Cars and Software and Quality Oh My!

On the way into work this morning I was listening an NPR report on the GM IPO, mind you I don’t want to get into a discussion on GM, the economy or any of that. However, an interesting quote caught my attention:

Hall says GM’s real problem isn’t the bankruptcy, it’s the company’s old culture. For decades, GM leaders protected internal fiefdoms at the expensive of the core business. The old GM sold cars with quality issues at a loss just to protect its market share. In the end, it lost the market share anyway.

To be completely clear it’s the third sentence that grabbed me, and had me thinking about the software implications. For quite sometime companies all over the world doing all kinds of business have created software to further their business goals. Just about any developer will also tell you that working these projects is a pressure cooker of getting to market. Get whatever it is your developing; a web site, a full client application, widget, add-on, whatever; out the door and get it out fast and spend as little as possible. Sound familiar? Sound like a lecture you may have heard about the Project Triangle in school maybe? So if we have the choices of good, fast and cheap and we are pressing for fast and cheap it’s obvious that good (quality) is being sacrificed. And I am not just talking the standard view of quality here, I am a software security guy after all and for me security is a quality metric, this is not about trim, door squeaks and abilities (all good quality metrics themselves).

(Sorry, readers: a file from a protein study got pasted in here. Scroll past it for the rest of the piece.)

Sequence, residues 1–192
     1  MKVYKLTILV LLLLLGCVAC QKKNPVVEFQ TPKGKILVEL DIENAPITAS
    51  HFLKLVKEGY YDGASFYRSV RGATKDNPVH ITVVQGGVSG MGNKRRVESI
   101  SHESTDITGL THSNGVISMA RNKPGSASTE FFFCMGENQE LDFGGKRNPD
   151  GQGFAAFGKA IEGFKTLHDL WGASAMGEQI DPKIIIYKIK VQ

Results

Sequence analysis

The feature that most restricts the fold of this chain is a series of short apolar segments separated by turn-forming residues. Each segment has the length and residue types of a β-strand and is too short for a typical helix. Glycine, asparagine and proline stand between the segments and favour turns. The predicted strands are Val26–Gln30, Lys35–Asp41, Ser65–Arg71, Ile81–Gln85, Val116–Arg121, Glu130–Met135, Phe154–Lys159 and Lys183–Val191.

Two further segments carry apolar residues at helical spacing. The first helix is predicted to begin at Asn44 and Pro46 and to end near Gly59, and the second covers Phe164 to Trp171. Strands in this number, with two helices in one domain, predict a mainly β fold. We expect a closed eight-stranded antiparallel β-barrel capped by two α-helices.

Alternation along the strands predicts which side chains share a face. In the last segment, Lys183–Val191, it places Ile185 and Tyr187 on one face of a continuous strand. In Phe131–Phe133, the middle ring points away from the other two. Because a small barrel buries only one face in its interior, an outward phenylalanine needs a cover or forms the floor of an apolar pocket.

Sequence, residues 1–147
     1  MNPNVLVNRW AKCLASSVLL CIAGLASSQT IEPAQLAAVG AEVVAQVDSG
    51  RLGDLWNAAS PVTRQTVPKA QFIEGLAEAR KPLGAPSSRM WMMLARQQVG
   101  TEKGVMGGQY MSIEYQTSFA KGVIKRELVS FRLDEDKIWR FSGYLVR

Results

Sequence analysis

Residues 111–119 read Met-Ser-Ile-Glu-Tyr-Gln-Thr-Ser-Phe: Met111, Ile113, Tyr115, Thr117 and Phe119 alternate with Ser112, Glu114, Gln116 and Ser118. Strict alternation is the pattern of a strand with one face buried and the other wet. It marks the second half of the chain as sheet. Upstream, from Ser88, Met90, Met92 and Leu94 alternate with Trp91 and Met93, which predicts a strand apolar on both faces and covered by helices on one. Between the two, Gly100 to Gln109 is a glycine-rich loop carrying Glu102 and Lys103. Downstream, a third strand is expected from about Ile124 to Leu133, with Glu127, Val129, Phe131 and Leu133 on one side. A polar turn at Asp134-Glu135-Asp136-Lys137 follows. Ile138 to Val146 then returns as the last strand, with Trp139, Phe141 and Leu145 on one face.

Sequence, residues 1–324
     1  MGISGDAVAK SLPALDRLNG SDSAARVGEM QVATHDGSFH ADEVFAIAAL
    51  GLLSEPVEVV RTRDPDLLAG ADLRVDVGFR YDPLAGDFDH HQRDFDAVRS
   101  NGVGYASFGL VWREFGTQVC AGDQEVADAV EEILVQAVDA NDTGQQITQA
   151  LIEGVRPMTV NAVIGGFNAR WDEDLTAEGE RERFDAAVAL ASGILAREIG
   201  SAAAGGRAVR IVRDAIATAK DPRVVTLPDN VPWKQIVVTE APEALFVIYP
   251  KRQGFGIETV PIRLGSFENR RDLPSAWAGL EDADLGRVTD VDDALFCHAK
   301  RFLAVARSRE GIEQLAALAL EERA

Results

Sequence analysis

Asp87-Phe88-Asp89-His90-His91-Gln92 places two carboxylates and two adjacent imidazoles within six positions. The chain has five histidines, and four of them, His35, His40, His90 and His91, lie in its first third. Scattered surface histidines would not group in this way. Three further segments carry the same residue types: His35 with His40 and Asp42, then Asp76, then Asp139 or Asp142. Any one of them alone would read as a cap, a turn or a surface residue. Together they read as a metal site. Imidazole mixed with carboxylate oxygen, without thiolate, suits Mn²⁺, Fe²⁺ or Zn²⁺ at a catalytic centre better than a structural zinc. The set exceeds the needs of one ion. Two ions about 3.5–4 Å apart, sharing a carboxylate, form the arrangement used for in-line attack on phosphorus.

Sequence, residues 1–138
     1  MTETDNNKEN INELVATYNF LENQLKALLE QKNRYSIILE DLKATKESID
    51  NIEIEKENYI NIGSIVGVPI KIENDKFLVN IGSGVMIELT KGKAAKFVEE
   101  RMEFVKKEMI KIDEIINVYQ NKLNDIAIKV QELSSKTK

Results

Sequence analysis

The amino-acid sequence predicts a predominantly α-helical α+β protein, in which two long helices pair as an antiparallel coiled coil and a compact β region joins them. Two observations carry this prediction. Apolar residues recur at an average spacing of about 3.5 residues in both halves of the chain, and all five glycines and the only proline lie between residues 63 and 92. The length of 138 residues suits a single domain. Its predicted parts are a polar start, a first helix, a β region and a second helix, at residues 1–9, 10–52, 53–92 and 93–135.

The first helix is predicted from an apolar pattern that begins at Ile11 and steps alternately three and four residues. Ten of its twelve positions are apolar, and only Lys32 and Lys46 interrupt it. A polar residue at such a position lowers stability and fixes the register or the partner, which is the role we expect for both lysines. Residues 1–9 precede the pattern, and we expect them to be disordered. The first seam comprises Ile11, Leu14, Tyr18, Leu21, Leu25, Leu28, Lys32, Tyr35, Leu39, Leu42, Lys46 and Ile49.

Now I don’t want to go running down the path of software security as a quality metric or how that fits into software development, all good topics but it was another question that struck me when I heard that as my focal point. What makes us think that we can ship software with security bugs we could fix with a concerted development lifecycle to get to market first and keep our customer confidence/market share? We seem to be making the mistakes of GM almost everyday in a whole set of industries. Some of these industries are quite touchy to normal consumers, health care, financial services and the like. If we fail in our security efforts or just don’t provide focus on them and people loose sensitive information are we really going to keep our market share? Why do we keep operating companies on these models? Just because GM makes cars and we don’t does not mean there are not lessons to learn here.

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